> then I wouldn't be arguing against it, other than that a GR would be 
> overkill compared to proposing that via the Policy process instead.

I would actually favor such proposal over the current GR, exactly 
because to me this is *not* about covering *all* or sysV init 
specifically, it is about preserving choice - and for some weird reason 
it seems this GR is being misinterpreted as being damaging rather than 
ensuring a common sense and an existing practice (note "a" not "the").

>> Do you consider init 1 more similar to kernel or more similar to PHP?
> For the purposes of this particular analogy, the former.  (I'll 
> refrain from jokes at PHP's expense here. :) )
> Incidentally, to further extend the analogy: to me, many of the calls 
> to stop implementing features and interfaces in systemd and implement 
> them outside of systemd instead come across in much the same way as 
> calls to stop implementing features and interfaces in the Linux 
> kernel.  We don't make a habit of systematically implementing all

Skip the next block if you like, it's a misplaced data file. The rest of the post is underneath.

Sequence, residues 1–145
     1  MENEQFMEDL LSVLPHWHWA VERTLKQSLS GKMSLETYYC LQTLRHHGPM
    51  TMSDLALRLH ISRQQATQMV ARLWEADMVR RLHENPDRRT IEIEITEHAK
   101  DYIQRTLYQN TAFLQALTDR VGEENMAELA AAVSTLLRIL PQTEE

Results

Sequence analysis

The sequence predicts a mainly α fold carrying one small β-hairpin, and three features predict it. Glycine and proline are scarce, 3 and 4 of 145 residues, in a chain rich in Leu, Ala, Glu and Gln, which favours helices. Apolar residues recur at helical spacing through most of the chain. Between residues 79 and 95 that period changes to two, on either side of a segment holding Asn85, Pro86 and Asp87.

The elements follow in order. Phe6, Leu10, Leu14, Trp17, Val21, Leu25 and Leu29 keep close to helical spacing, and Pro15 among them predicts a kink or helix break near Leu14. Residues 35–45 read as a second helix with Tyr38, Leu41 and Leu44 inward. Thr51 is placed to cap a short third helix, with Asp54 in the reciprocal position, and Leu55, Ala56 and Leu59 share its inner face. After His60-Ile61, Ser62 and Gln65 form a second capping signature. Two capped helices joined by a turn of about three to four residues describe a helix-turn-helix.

> functionality outside the kernel on production systems just so we can 
> swap out the kernel on a whim.  Some things simply make more sense in 
> the kernel.  And the interfaces implemented so far require at least as 
> much integration with systemd functionality as, say, PCI device 
> drivers require with the Linux kernel.  Sure, you *can* implement a 
> PCI device driver in Linux userspace, but doing so has numerous 
> problems, and few systems use that in production.

This GR is not about the virtues or not of some soecific init system - 
the analogy of that would be to discuss *which* architecture is better.

 - Jonas

 * Jonas Smedegaard - idealist & Internet-arkitekt
 * Tlf.: +45 40843136  Website: http://dr.jones.dk/